“It’s a delicate balance,” Nugent accepts. “But we as a federation are judged purely on results and the better we get, the more consistent we get, the more the Sports Council can give us — and justify giving us. We’ve been consistent over a number of years now and shown a trend that we can be successful. The success we’ve had this year in all our squads gives us a louder claim for support,” he adds.
Liffey is singing from the same hymn sheet: “The feedback from the Sports Council has been positive and they see we’re moving in the right direction. They have to balance the requirements across multiple sports but they do take a strong focus on projections towards the Olympics and with Martyn and Caroline showing up so well, it becomes harder to ignore.”
The criteria for funding (or carding) of athletes — which has always been a contentious issue — is set to be redirected back from the Sports Council to some governing bodies, with cycling in the frame to be one of those to handle its own affairs.
Dan Martin, who spent time as the world’s number one rider this year and believes he would have ended the year as number one, but for his crash that forced him out of the Vuelta — is a firm believer that the money must go to the developing riders, not the developed.
“I meet the carding criteria, but I don’t need that money. Guys riding for An Post-Chain Reaction and other developing guys, they need the money to help their careers.”
A lack of knowledge of the sport’s intricacies has long been a reason for people not taking it into their hearts, says Darach McQuaid — brother of former UCI president Pat, and one of the movers behind the Giro d’Italia coming to Ireland next year.
“There was that gap to the Kelly and Roche era where if you don’t follow cycling, you might be a little confused about the sport; like what’s the difference between a Grand Tour and a Classic and why is this guy winning five stages but not taking the yellow jersey? All the intricacies of the sport that regular folk don’t understand.
“But with the amount of media coverage the sport has had the last couple of years, the level of understanding has come back to the general public, and that is so important because if you don’t understand something, you certainly won’t buy into it.”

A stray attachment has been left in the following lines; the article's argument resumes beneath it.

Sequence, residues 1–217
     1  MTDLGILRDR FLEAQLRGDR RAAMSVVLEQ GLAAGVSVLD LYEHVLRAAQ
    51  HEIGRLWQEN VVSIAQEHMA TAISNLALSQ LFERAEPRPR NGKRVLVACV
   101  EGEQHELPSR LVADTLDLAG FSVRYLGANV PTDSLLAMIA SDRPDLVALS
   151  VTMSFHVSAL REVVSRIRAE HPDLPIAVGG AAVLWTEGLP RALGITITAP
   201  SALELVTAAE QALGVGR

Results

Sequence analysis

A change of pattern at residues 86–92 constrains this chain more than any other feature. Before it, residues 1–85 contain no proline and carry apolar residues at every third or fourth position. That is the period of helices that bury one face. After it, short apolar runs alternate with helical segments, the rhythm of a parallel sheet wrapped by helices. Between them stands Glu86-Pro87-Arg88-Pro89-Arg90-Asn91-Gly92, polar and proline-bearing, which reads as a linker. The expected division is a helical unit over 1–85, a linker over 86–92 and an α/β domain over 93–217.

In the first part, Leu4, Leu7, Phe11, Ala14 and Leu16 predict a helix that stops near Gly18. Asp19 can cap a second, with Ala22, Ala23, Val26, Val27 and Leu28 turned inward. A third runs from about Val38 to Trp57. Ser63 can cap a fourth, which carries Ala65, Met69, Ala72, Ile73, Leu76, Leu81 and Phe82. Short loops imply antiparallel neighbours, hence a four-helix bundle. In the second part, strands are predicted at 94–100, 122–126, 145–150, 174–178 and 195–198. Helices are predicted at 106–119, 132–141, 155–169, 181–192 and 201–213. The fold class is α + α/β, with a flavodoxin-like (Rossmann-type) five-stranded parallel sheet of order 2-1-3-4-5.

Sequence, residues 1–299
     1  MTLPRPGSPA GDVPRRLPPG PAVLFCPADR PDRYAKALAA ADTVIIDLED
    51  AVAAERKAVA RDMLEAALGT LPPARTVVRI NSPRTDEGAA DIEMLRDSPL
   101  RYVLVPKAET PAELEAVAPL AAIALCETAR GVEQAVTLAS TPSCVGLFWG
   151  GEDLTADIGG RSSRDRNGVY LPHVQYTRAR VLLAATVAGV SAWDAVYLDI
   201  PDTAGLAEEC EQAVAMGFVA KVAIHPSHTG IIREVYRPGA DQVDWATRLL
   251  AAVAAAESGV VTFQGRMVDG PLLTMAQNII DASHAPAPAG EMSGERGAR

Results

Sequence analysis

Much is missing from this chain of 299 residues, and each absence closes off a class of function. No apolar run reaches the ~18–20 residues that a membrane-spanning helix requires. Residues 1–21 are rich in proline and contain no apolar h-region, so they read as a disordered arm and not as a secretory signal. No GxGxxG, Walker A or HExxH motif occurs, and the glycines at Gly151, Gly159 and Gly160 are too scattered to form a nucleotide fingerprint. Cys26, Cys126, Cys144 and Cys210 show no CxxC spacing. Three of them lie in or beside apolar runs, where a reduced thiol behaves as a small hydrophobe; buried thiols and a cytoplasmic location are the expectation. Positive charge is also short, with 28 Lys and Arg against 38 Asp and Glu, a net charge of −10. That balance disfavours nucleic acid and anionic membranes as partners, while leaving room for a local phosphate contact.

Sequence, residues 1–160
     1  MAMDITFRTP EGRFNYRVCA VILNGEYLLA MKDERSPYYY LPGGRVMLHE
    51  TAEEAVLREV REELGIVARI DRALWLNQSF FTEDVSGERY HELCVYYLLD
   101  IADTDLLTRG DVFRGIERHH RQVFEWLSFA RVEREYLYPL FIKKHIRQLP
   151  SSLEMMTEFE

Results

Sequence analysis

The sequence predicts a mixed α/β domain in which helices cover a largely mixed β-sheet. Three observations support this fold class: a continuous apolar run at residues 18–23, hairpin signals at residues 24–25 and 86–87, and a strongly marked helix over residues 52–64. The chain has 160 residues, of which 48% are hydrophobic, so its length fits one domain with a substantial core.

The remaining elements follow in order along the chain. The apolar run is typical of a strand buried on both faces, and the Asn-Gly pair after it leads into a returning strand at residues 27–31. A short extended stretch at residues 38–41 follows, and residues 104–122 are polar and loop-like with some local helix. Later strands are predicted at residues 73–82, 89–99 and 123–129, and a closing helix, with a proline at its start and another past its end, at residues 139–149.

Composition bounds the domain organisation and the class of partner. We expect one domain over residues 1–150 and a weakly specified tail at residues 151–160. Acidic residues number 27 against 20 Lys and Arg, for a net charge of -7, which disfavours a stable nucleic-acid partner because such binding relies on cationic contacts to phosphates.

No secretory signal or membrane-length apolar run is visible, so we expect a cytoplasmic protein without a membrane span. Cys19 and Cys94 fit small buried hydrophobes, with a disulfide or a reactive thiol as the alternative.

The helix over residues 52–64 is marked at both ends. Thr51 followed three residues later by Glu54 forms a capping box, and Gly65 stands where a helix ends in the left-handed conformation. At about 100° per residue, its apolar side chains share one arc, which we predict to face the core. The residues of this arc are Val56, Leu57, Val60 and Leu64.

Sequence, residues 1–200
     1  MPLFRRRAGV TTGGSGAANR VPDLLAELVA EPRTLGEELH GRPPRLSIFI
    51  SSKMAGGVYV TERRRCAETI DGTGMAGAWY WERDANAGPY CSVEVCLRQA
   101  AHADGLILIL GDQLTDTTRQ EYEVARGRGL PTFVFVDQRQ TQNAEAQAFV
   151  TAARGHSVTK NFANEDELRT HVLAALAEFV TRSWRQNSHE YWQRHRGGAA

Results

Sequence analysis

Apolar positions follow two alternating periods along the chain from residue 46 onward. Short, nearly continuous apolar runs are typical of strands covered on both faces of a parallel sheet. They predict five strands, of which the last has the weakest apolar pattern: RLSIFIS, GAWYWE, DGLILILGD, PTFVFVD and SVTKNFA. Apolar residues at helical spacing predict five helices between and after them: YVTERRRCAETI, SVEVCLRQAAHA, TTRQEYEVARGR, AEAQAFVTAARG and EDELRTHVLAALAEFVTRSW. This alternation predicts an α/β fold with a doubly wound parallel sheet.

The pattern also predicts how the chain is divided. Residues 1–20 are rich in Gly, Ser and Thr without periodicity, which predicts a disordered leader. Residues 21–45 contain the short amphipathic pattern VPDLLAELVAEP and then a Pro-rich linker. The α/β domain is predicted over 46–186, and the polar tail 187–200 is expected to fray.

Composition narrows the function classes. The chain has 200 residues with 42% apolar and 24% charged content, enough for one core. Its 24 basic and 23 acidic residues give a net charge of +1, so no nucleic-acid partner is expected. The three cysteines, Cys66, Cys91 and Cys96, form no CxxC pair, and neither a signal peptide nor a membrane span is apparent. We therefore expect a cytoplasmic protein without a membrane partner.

Of course, the year wasn’t all positive and the Cycling Ireland AGM in April was all about one man, Pat McQuaid and would CI’s members nominate or reject him to run for the presidency of the UCI.
What followed was an ugly and protracted battle for McQuaid against his only opponent for the position, Britain’s Brian Cookson.
The Irishman was personally attacked — often by Irish cycling supporters — accused of collusion with disgraced American Lance Armstrong, before he was defeated by Cookson at the UCI Congress in Florence in late September.
The fallout from that resulted in Kelly and Roche losing key seats in various commissions within the sport’s governing body, and McQuaid said their losses were the collateral damage of his own fall from grace.
“I am to some extent not surprised, but at the same time there are few more experienced people in world cycling than Sean and Stephen,” said McQuaid.
“It would seem that they are collateral damage to my loss, which is a pity and now Ireland has no influence in world cycling,” he added.
As well as that, the suspending of the Commissaire’s Commission — which featured Antrim man Michael Robb — represents another reduction to Ireland’s presence on cycling’s world stage.
Said McQuaid: “Kelly is one of the most experienced people in cycling and he’s involved in the system in running a team. Roche has a son doing well at the highest level and would therefore get feedback from him as to what is going on in the peloton on a load of issues — doping, race length, transfers, rest days, race radio — all elements Roche Snr could then bring forward to the PCC.”
However, in spite of the loss of those four voices inside UCI, Liffey, Darach McQuaid and Nugent all refute the idea that anything will really change — and each have their own roles in ensuring the sport keeps its reputation and integrity while maintaining the challenge for medals.
“We stretched ourselves to the max this year to get a lot of programmes up and running, but they went from strength to strength,” said Nugent. “It was a hell of a year, but we want to do the same thing next year, and the year after and the year after.”